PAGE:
Czech music culture will be in the spotlight of events from 11 to 19 September (hirado.hu)
The Budapest Festival Orchestra (BFO) celebrating its 30th anniversary is to launch the new 2013/14 season with a multi-genre festival entitled Bridging Europe. The events from 11 to 19 September will focus on Czech music culture, in particular the works of Antonín Dvorák. The Bridging Europe festival replacing the Mahler Festival as well as the annual music marathon are joint events organised based on a strategic partnership with the Palace of Arts – as revealed at a BFO press conference on Monday.
Music director Iván Fischer highlighted that the BFO’s programme for next year will range from Dvorák to Dvorák, as the season will end in May 2014 with an opera of the Czech composer that has not been heard in Budapest for a long time, Rusalka, which will be performed twice. “We are preparing for the next 30 years. We started thinking: what can an orchestra do? It can play beautiful music, but has more to offer, as it can speak a language that is truly international. It is able to bridge the gap between peoples and cultures speaking different languages, helping people not to see others as enemies. This is what led to “Bridging Europe” – said Iván Fischer. Every year the spotlight will be trained on a country, and this year the Czech Republic has been chosen, as while there is a rich wealth of Czech Baroque and contemporary music, it is not very well known in Hungary – said Iván Fischer, explaining the decision.
Csaba Káel, managing director of the Palace of Arts, emphasised that they would be contributing the Bridging Europe festival with jazz and world music. Stefan Englert, BFO Director, talked about the programme for the coming season and said that the orchestra would give four concerts in November led by their first guest conductor, Gábor Takács-Nagy, at the Academy of Music which will be completed by then. The soloist will be the world-famous pianist Martha Argerich, who will play Liszt pieces in keeping with the spirit of the venue. Leonidas Kavakos will be there too, not just as a violinist but also as a conductor for the BFO, while Pinchas Zukerman will also appear as a conductor.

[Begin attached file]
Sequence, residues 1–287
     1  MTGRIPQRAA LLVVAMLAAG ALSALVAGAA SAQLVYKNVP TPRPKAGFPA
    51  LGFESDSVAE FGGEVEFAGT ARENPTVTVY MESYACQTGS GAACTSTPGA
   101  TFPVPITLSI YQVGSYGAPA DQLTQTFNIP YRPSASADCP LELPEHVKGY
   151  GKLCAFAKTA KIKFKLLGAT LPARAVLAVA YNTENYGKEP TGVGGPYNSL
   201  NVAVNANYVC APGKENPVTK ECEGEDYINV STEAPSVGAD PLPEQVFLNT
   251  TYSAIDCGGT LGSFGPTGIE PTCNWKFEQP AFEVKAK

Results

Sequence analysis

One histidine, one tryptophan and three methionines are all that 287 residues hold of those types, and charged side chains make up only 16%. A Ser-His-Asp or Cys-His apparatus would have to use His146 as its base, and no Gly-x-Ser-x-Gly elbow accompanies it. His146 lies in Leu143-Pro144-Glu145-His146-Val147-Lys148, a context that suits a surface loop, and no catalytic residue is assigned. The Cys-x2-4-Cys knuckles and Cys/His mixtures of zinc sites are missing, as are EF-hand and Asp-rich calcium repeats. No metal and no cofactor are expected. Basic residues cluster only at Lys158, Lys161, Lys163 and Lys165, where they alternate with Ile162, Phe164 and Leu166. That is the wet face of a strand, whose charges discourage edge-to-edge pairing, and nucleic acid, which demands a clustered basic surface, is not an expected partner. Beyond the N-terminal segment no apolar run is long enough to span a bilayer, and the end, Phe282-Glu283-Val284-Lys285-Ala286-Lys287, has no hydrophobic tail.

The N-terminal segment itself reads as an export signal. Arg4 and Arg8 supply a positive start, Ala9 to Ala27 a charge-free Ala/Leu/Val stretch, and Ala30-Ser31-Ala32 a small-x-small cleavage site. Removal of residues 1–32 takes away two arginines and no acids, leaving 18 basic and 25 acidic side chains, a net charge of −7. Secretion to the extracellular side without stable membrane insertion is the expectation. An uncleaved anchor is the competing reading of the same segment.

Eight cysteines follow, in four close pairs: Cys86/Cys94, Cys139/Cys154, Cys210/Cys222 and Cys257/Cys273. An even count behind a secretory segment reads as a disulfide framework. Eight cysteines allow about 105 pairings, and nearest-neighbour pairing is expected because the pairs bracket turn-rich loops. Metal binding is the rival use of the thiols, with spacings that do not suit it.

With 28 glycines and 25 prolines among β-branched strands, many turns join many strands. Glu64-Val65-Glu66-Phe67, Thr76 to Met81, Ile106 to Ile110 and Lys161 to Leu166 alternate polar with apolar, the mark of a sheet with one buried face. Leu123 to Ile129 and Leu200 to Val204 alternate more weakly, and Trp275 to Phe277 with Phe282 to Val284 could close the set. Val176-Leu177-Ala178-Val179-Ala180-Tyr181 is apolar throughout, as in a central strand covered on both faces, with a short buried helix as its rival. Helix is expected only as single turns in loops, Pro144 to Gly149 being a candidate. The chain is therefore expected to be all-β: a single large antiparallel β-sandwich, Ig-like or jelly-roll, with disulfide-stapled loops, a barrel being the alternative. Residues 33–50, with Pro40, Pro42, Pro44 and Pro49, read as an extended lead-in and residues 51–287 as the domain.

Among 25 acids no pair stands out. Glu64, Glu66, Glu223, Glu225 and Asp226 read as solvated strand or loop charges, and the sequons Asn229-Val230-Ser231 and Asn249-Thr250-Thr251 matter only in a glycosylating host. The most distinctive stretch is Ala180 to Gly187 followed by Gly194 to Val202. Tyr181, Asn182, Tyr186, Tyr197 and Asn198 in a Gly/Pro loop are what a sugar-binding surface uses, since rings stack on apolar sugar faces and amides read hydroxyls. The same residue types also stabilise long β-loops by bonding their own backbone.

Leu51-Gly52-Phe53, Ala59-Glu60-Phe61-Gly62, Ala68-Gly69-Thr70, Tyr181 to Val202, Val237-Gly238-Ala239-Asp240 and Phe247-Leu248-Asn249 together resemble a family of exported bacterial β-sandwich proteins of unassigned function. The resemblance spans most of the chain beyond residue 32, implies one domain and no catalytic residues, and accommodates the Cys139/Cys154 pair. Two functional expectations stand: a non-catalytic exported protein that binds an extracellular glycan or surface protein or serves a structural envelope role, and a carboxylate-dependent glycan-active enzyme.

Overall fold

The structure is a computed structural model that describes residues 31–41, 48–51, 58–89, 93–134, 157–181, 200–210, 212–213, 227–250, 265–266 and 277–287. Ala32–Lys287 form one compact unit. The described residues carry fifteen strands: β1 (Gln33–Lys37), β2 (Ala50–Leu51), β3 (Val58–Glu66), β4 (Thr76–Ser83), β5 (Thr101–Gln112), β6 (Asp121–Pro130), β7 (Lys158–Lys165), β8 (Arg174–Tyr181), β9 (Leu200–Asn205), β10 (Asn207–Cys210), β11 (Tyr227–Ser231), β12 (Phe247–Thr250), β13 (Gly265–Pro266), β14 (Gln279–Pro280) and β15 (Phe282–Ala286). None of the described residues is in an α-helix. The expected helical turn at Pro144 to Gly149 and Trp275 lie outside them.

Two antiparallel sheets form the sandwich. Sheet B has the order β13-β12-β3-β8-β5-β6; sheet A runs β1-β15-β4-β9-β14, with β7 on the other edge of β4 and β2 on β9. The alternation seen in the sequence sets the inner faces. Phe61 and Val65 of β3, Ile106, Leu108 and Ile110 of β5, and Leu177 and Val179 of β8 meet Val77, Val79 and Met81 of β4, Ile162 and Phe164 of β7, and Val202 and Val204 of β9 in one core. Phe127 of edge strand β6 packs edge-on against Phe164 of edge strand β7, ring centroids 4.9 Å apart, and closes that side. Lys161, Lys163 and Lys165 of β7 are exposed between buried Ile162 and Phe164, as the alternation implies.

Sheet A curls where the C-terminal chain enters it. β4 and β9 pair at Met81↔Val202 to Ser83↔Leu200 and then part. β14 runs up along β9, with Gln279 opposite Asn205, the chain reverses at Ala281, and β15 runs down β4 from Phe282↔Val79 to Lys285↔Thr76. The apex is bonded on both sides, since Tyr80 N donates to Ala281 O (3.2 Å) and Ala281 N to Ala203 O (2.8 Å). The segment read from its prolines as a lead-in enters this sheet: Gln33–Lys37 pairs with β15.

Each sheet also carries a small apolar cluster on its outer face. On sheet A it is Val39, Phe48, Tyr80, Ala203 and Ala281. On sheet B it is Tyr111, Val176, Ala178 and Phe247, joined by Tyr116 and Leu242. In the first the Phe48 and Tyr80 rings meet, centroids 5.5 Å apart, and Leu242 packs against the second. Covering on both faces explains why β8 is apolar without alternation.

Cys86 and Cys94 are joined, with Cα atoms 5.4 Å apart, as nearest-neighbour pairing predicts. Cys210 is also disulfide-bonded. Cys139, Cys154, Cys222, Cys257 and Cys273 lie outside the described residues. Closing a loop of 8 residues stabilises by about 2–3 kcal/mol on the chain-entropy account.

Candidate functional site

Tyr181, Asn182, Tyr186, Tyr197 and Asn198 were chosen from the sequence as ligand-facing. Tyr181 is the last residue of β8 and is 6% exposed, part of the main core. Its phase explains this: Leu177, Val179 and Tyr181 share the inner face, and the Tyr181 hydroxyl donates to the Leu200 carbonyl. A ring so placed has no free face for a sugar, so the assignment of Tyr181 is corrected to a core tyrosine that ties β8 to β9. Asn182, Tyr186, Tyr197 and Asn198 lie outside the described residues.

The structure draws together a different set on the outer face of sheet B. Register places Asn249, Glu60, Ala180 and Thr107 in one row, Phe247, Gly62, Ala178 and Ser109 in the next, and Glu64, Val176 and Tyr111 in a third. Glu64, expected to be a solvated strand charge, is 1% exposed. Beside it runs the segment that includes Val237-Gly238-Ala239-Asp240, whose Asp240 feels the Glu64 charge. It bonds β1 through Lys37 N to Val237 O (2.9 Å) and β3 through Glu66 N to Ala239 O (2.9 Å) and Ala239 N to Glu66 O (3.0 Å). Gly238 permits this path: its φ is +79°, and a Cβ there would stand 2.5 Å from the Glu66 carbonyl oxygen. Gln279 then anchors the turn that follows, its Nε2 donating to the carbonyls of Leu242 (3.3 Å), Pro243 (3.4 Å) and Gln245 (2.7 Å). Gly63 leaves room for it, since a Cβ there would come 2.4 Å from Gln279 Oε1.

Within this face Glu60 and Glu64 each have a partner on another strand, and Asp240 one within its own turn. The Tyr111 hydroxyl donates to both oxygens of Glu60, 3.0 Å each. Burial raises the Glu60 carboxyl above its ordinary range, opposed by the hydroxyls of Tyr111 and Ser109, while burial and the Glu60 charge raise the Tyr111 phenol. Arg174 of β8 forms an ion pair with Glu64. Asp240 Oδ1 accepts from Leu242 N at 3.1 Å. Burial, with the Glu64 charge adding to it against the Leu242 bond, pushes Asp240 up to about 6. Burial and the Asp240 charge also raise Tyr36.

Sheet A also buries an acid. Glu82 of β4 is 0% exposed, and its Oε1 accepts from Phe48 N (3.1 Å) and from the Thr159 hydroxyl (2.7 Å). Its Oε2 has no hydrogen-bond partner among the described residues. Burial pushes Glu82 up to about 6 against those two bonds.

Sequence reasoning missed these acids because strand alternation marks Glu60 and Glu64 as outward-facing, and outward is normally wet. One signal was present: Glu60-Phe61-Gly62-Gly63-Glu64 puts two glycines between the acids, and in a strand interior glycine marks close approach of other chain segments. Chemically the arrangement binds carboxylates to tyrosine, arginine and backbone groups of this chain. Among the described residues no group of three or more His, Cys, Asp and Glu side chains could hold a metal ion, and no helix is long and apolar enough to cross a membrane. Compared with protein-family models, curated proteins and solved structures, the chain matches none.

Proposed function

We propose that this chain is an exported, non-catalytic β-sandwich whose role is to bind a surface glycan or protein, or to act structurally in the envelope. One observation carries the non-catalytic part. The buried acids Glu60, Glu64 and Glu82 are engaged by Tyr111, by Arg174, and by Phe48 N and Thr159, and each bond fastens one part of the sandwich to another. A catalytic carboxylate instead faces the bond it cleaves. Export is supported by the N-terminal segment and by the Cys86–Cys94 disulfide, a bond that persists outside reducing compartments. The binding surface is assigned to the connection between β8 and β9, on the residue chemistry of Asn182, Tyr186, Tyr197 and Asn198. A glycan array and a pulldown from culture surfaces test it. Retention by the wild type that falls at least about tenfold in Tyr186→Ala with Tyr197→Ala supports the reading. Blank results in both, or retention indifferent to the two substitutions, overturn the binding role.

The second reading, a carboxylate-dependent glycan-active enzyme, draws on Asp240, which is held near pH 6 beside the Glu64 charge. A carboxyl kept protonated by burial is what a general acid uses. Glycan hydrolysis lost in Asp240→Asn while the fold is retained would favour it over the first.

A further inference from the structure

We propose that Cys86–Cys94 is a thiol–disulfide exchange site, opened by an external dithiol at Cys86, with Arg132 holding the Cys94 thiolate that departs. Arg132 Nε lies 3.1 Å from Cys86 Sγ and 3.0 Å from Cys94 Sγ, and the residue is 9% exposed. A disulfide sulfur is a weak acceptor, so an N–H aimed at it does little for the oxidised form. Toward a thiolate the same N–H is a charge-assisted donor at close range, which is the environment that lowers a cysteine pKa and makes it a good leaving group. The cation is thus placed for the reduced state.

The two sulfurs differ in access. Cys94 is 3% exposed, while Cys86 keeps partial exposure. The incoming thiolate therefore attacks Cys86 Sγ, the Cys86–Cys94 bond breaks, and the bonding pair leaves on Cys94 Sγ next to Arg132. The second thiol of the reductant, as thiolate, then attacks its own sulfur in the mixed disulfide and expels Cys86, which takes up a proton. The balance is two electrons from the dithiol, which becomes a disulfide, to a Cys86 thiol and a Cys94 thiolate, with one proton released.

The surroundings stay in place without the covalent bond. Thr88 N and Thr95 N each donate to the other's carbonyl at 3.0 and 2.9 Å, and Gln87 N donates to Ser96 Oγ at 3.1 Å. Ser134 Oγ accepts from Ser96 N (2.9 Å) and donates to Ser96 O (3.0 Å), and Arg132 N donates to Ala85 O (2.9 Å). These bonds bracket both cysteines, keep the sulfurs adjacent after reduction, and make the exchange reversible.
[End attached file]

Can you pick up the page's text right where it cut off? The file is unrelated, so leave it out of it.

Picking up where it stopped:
Iván Fischer’s composition talents were put on show last year in Amsterdam and Bruges, and he will be debuting as a composer in Budapest during the BFO’s series of contemporary music concerts; the international programme will be supplemented with a chamber opera to be completed this summer. A small company within the orchestra will take to the stage to perform pieces of early music, led by Nicholas McGegan and Jos van Immerseel. The BFO’s anniversary concert will take place on 26 December 2013 in the Budapest Congress Centre. Iván Fischer promises a surprise programme that evening, but it is likely we will hear some pieces which were played at the first concert in 1983. Orsolya Erdődy, deputy director, spoke about the youth concerts, saying that alongside the BFO Comes Knocking series the number of partner schools who want to participate in the Taste of Musical Instruments events and concert rehearsals is growing. The film competition is popular, and this year video contributions were requested on Bach’s Brandenburg Concerto No. 4; the results will be announced on Friday. And of course, we cannot forget the Cocoa Concerts either, which are continuing.
The BFO will be heading out on many tours as well: they are to play as a resident orchestra in Dortmund, Bruges and New York’s Lincoln Center, which means concerts over several days, with one of the main performances being at the Mostly, Mozart! Festival, where they will perform the Marriage of Figaro. In terms of funding, Iván Fischer said that thanks to the HUF 500 million grant recently received from the Ministry of Human Resources the orchestra can work on a solid foundation, and they would very much like these financial conditions to remain in the future.